Of the Jewish Seets. T HE last article we have insisted upon, leads us naturally to

I give an account of the Jewish sects. The whole body of the Jewish nation may be divided into two general foils, the Caraïtes (*), and the Rabbanists. The Caraïtes are those that adhere to the plain and literal sense of holy scripture, rejecting all manner of traditions. They may properly be called textuary. The Rabbanists, otherwife called the Cabalists, or Thalmudists, are those that, on the contrary, own and receive the oral or tradition.ciry law. As there is no express mention of the former in scripture, all that we know of them is from some of their writings, or from the Thalmudists their adversaries, or else from the relations of travellers. But if the name be not ancient, yet we may safely venture to affirm, that the thing itself is of a very long standing. There are authors that pretend to discover some footsteps of them in the gospel ; but, as we have already observed, this is too

groundless dition. It consists of two parts, one of which contains the opinions, rites and ceremonies of the Jews ; the other ihe mystical expofitions of the law. This Cabala is of a very ancient date, and was ihe occation of most of the he. refies iyong Christians.

(6) Matth. xv, 2, 3, 6. Mark vii, 7, 8, 9.

(1) The Thalmud is a coilection of the Jewish doctrines and traditions. There are two of them ; that of Jerusalem, which was compoled by Rabbi Judah, the fon of Simeon, about the year of Chril: 300, and that of Babylon published about the year soo. Each of them consists of riro parts, one of which, called the Mifnah, is the text of the Thalniud, or traditions ; and the other, named Gemara, is the supplement or comment upon them. See Dr. Prideaux Con, P. I. B. 5. under the year 446.

(*) The Hebrew word Cara fignities to read, and Rabban a doctor that receives the traditiorary law. It is iupposed that the founder of this tect was a Jew', called Anan, who lived about the middle of te eighth century. See Lupin. Hift. of the canon, &c. B. l. chap. 8. fcct. 4.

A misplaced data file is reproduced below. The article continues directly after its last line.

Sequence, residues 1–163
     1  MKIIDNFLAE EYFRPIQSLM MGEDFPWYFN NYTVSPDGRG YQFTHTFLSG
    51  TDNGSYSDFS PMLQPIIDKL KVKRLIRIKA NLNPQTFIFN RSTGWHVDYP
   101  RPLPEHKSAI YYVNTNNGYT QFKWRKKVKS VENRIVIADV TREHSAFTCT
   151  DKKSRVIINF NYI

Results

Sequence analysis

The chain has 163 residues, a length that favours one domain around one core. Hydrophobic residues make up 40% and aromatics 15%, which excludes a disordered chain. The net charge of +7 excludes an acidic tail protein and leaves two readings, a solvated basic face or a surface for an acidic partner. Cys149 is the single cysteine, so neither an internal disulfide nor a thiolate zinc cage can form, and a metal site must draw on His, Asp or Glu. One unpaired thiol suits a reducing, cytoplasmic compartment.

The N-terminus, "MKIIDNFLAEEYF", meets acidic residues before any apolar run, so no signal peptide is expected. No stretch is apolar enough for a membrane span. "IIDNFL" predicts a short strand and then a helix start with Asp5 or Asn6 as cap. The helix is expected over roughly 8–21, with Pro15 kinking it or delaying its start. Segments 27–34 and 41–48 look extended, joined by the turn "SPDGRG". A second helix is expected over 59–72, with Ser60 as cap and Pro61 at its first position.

groundless and uncertain to be relied on. To reconcile the different opinions of the learned upon this head, the fcribes or Jewish dcfiors may very fitly be divided into two classes, namely, such as owned and receive ed the traditions, and lided with the Pharisees; and thote that adhered to the facred text, and were afterwards called Caraïtes. As these were not distinct from the body of the Jewish nation, or the assembly of the doctors, it is no great wonder that they should not be mentioned in the New Testament under the name of any particular feet. Besides, as they did not corrupt and alter the law of God by their traditions, as the fcribes and Pharisees did; JESUS CHRIST had therefore no occasion of mentioning them. When their adversaries, the followers of oral traditions, in order to represent them as odious as possible, confound them with the Sadducees, do they not in effect own that their antiquity is very great? In Origen (i), and Eufebius (k), we find the Jewish doctors divided in two classes, one of which adhered to the text and letter of the law, and the other received the traditions of the elders. It is then very probable that the Caraïtes and traditionary fcribes are both of the same antiquity, and that their disputes begun, when traditions came in vogue, that is, about a hundred years before the birth of Christ. The Caraïtes disagreed with the rest of the Jews in some particulars, as in the keeping the fabbath, of the new moons, and other festivals ; but the main difference between them consisted in these particulars : 1. In that, as hath been already observed, they entirely rejected all traditions in general, and stuck to the text of scripture, that is, to the canonical books of the Old Testament, explained in a literal sense. 2. In that they thought scripture ought to be explained by itself, and by comparing one passage with another, without having recourse to the Cabala, or traditions. 3. They received the interpretations of the doctors, provided they were agreeable to the facred writings; but withal, left every one at liberty to examine those explanations, and either to embrace or reject them, as he thought fit. The charge of faducisin, which hath been brought by the Jews against the Caraïtes, is entirely groundless, since it is evident from their writings, that they believed the immortality of the foul, and the resurrection. There are still at this day great numbers of Caraïtes dispersed in several parts of Europe, Asia, and Africa. .